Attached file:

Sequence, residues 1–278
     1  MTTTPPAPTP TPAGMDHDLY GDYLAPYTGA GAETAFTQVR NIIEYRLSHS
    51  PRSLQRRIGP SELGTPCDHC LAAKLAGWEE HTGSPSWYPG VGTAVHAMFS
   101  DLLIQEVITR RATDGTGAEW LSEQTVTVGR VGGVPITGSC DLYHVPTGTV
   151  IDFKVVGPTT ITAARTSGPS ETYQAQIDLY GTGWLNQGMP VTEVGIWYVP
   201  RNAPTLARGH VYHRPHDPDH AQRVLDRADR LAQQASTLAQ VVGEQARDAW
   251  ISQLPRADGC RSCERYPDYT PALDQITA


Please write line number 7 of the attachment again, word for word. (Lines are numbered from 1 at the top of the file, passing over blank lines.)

   251  ISQLPRADGC RSCERYPDYT PALDQITA